Tony Martin: Well Wes, I guess saying we would be at this point in the 2019 NFL season would’ve been pessimistic had we predicted it in August. The system is all busted up and now the 5-4 Rams welcome our shitty Bears to their house for an opportunity to show ass to a national audience once again.
In preparation for this nightmare, we’re both going to look at top tier QB regression nominees Jared Goff and Mitch Trubisky, and how they’ll fare against the opposing defenses.
Jared Goff, who my initial mischaracterization as Ryan Phillipe even though I meant Ryan Gosling caused the excellent photoshop that accompanies this article, is without a doubt hitting his Senior Slump. In spite of his excellent 2018 season, Goff is back to playing incredibly unevenly once again. He’s coming off back-to-back Pro Bowl season and looks simultaneously like a world-beater and an average bumslayer. He’s destroyed bottom-tier defenses like Atlanta and Cincinnati, but struggled against Tampa Bay (?) and San Francisco.
Combing through Goff’s game logs, there is ABSOLUTELY a correlation between how often Goff is sacked and how often he makes mistakes and turns the ball over. He has had nine passes intercepted and fumbled nine times in their nine games this season, but they come in bunches, and it’s all rooted in how much pressure the opposing defense puts on his pretty blonde shoulders.
How much of the Bears domination of Goff last year was scheme and game-planning, and how much of it was just a talent disparity between the Bears D and the shorthanded Rams (Cooper Kupp was out by week 14 last year). Watching highlights, it’s not that Goff was completely ineffective – he just had no time to pass on most of his snaps. Mack, Hicks, and Goldman were in the backfield on almost every snap. Incidentally, when the Bears couldn’t get pressure, Goff was successful in moving the ball down the field.
The 2019 Bears defense has struggled to get consistent pressure against quarterbacks, and closing running lanes despite a fairly good job shutting down cutbacks. Maybe they don’t allow lots of cutback runs because the initial hole is always big enough to get decent yards out of, but I don’t have the All-22 to confirm that. Do the Bears bring more heat this week against a QB who is not known for his mobility? I’m into it.
I would have to say the Rams biggest highlight from this season has to be their stunning reverse flea flicker against the Bengals earlier this season. A team with a pass rush doesn’t give Goff that kind of time, and he struggles as a result. If this team can do two things, Goff struggles and the Bears look like a real NFL team again:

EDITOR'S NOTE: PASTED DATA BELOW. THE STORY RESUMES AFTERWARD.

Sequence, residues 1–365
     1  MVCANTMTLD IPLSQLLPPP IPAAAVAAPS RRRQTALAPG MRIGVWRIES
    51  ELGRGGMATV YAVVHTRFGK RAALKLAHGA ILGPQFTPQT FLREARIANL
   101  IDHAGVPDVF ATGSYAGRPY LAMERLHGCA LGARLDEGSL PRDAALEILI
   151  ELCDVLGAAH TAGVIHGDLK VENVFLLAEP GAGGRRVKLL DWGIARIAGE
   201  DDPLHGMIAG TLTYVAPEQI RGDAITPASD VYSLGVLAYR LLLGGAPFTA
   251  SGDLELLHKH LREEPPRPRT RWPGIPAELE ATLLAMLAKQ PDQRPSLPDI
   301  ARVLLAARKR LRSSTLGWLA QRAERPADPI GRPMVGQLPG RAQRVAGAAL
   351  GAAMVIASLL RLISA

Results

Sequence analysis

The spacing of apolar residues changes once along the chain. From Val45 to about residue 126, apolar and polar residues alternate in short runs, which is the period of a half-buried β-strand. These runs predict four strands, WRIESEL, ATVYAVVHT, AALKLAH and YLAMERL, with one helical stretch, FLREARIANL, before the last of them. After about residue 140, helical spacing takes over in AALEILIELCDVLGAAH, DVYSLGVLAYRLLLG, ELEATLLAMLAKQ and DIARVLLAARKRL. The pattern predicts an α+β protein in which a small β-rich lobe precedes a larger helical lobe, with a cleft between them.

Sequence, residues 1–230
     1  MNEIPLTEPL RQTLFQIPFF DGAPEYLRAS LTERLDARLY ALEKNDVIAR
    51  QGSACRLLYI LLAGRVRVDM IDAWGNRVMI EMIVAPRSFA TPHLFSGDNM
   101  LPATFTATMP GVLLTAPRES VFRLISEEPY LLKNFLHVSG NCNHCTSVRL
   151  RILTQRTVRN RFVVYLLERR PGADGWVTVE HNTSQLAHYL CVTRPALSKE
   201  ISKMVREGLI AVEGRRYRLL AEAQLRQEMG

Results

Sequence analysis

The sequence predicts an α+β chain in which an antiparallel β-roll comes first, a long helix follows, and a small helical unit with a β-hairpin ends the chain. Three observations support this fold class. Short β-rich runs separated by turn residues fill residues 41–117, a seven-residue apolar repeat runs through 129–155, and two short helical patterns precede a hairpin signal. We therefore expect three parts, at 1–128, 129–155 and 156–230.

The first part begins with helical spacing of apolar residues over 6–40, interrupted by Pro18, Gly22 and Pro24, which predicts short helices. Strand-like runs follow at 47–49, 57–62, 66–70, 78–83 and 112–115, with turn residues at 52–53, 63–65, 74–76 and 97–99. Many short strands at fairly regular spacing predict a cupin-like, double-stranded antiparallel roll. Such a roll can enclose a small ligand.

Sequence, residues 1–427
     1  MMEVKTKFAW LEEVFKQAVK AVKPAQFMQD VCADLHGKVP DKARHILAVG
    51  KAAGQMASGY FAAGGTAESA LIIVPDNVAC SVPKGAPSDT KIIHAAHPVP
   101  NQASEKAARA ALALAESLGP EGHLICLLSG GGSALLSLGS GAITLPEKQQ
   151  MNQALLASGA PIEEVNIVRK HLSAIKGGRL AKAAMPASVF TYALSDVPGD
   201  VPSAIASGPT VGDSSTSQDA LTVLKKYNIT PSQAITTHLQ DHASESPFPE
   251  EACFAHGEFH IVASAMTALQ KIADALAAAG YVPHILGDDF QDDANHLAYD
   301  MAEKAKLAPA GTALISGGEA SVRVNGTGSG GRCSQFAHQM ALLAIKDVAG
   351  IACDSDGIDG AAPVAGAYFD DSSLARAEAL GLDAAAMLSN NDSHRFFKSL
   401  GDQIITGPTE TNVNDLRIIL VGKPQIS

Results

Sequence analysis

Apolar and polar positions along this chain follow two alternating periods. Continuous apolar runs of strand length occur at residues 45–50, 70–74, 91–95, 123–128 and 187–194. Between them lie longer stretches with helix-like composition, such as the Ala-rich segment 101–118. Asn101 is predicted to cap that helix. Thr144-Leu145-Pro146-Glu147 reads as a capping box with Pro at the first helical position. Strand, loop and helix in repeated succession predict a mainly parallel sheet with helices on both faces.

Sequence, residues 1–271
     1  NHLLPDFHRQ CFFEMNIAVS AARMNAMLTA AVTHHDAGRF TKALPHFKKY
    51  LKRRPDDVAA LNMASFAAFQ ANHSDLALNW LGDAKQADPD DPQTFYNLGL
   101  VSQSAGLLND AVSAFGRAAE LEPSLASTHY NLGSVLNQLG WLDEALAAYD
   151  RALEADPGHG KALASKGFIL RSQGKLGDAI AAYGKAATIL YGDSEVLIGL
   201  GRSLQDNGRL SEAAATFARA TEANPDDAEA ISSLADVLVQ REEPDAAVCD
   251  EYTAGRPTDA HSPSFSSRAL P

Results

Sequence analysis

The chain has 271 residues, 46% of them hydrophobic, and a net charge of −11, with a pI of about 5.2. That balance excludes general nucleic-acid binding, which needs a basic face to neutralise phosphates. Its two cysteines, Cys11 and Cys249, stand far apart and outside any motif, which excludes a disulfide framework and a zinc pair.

1. Contain Todd Gurley
2. Apply consistent pressure to Jared Goff, even if it means committing extra defenders
Wes French :I’m taking partial credit for the photoshop in that I was the one that kept the Phillipe bit going and correlated it to Goff as a real world metaphor…but let’s move on.
Mitchell Trubisky isn’t even worthy of a Phillipe comp as his one uneven year led to the brutal 2019 through 10 weeks that we’ve seen, putting him on more of a “got a try out for Mickey Mouse Club, was an extra for three episodes, wound up doing B-movies and dabbling in Cinemax after dark features to pay rent” realm of actor.
Mitch was supposed to take a leap along with the Bears offense, the one that ranked 20th in yards/play last year and currently sits at 30th in 2019. All the leaps for the 2019 Bears have been backwards, sometimes literally as Mitch hops, skips and jumps to double digit yard losses on a lot of the sacks he takes (of which there are far too many).
Mitch only has three INTs on the year, but he did miss a few games and he’s still barely over 2:1 TD:INT ratio with eight touchdowns on the year. And three of those came last week against a beaten and brutal Lions pass defense that Mitch still only managed 173 passing yards. His 5.8 yards per attempt round out his 30th and over club for individual QB stats, a club that Mitch finds himself in too often this year.
There’s been a lot of optimistic talk about the 3rd-year QB and his offense building on that Lions effort, but a trip to the suddenly not so defensively stout Rams may not be the tonic Mitch needs. The plan should mirror last season when Mitch wasn’t very effective, but the running game was.
The Bears used a lot of slide help protection on the O-Line to mitigate the great equalizer that is Aaron Donald, and I’d look for them to double/triple team him on nearly every play he’s on the field. The rushing attack would also do well to scheme away from Donald, where using Tarik Cohen and his speed to run AWAY from Aaron Donald while simply allowing blockers to seal him off and keep him in pursuit is the winning formula.
Mitch will need to be something he hasn’t in 2019 – accurate and on point with decision making. The Rams can and will make his life hell with their rush, but if he can commit to a play and make the throw that’s there without hesitation the Bears will have a shot to move the ball and potentially steal one on the road. Moving the pocket a little more like last week against Detroit and getting Mitch on some bootlegs and misdirection PA plays, if they can get that ground game going early, could lead to the big plays the team and fans have been waiting for all year. We got a few glimpses last week, how about a whole decent offensive game?
1. Contain Donald
2. Run wild, protect the ball and stay the course with what worked in week 10